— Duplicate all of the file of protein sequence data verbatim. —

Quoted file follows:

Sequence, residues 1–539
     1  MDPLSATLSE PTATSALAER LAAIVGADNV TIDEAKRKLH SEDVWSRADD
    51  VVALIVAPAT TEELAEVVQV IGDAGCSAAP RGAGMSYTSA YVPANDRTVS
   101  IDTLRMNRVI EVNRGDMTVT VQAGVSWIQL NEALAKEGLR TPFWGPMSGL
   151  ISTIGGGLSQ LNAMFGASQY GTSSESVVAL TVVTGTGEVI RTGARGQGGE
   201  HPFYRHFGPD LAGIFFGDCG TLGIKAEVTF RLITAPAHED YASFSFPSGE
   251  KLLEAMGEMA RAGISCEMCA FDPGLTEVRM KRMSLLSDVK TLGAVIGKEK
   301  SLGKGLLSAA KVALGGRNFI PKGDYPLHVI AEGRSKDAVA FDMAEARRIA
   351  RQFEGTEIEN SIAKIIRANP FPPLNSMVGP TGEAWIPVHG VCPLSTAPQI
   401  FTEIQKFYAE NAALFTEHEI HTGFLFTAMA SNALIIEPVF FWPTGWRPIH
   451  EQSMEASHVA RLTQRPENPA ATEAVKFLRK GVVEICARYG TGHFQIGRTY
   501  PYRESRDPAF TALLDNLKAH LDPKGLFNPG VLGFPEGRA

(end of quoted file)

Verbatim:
Sequence, residues 1–539
     1  MDPLSATLSE PTATSALAER LAAIVGADNV TIDEAKRKLH SEDVWSRADD
    51  VVALIVAPAT TEELAEVVQV IGDAGCSAAP RGAGMSYTSA YVPANDRTVS
   101  IDTLRMNRVI EVNRGDMTVT VQAGVSWIQL NEALAKEGLR TPFWGPMSGL
   151  ISTIGGGLSQ LNAMFGASQY GTSSESVVAL TVVTGTGEVI RTGARGQGGE
   201  HPFYRHFGPD LAGIFFGDCG TLGIKAEVTF RLITAPAHED YASFSFPSGE
   251  KLLEAMGEMA RAGISCEMCA FDPGLTEVRM KRMSLLSDVK TLGAVIGKEK
   301  SLGKGLLSAA KVALGGRNFI PKGDYPLHVI AEGRSKDAVA FDMAEARRIA
   351  RQFEGTEIEN SIAKIIRANP FPPLNSMVGP TGEAWIPVHG VCPLSTAPQI
   401  FTEIQKFYAE NAALFTEHEI HTGFLFTAMA SNALIIEPVF FWPTGWRPIH
   451  EQSMEASHVA RLTQRPENPA ATEAVKFLRK GVVEICARYG TGHFQIGRTY
   501  PYRESRDPAF TALLDNLKAH LDPKGLFNPG VLGFPEGRA